(65 and over). Like Erikson, Super postulated that not everyone progresses through these
stages at fixed ages or in the same fashion, and that within each stage are tasks whose
mastery allows people to function successfully within that stage while preparing them to
move on to the next task. Before entering the Maintenance stage, many individuals are in
the process of asking the standard mid-life question, "Do I want to do this job for
the next twenty years?" eventually deciding to either hang on or let go. If they
decide to hang on, they enter the Maintenance stage. If they decide to let go and change
job, company, or career, they recycle back to earlier stages, crystallize new career
development objectives, and move forward from there. For those who hold on, they maintain
what they have, update their skills and knowledge, and innovate.
Career Stage Research
Gottfredson's theory of conscription and compromise (1996) is the only career stage theory
applied to children. She defined 4 stages. During stage 1 (ages 3-5), children develop an
orientation to size and power. In stage 2 (ages 6-8), children construct their tolerable
-sextype boundary. Stage 3 (-13) entails orientation to social valuation, and in stage 4
(ages 14 and older) adolescents develop their orientation to the internal, unique sense of
self (Swanson & Fouad, 1999).
The developmental career task of early adolescence is exploration, typically done in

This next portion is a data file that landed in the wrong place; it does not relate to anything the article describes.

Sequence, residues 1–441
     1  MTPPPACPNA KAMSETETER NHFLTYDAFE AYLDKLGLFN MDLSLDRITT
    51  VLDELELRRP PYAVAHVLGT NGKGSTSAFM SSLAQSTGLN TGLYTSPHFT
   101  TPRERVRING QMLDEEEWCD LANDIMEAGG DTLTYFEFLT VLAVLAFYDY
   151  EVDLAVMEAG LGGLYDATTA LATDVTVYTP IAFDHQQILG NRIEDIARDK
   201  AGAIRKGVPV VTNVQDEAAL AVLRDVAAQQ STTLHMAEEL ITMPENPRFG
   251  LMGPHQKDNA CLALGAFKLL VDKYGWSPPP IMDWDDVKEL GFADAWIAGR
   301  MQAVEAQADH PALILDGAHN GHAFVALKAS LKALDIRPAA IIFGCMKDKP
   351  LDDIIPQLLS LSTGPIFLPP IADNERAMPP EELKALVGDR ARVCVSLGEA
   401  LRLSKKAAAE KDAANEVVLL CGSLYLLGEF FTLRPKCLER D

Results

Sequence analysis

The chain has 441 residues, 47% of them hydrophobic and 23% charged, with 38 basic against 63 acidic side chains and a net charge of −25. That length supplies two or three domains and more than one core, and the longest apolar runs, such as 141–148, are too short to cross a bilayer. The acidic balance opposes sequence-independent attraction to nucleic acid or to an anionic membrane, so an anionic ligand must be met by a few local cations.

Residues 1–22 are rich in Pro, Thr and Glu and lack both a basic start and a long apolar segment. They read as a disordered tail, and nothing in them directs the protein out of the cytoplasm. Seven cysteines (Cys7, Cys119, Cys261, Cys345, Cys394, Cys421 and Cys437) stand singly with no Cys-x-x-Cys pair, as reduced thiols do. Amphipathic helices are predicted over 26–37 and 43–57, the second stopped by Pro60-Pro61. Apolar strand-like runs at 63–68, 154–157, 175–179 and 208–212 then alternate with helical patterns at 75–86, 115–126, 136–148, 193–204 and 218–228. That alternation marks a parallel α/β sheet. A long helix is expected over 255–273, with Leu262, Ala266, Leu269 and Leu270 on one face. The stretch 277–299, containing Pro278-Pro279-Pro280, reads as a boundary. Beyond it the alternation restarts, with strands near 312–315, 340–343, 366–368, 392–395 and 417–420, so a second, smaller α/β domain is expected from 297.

conjunction with school and family. Little research has been done on this age group, and
most of the literature is about programs that are designed to increase adolescent
exploration of the world of work.
During this period, the construct of career maturity is added to exploration, i.e., the
idea that there are age-appropriate skills to be mastered at every career stage.
Considerable research has been done on this construct. Findings of the research in this
area have included the notion that career maturity increases with age (Patton & Creed,
2001), is positively correlated with optimism (Creed, et al. 2002), and is related to an
extroverted adjustment style and positive orientation to social norms (Savickas et al.,
A measure of career
maturity that has been widely used by researchers in this area is the Career Maturity
Inventory (CMI), which as developed by John Crites in 1973 and revised by Crites &
Savickas in 1996. The CMI contains attitude and competence scales which are combined to
obtain an overall career maturity score.
During this period, the most significant developmental task is establishment. Young adults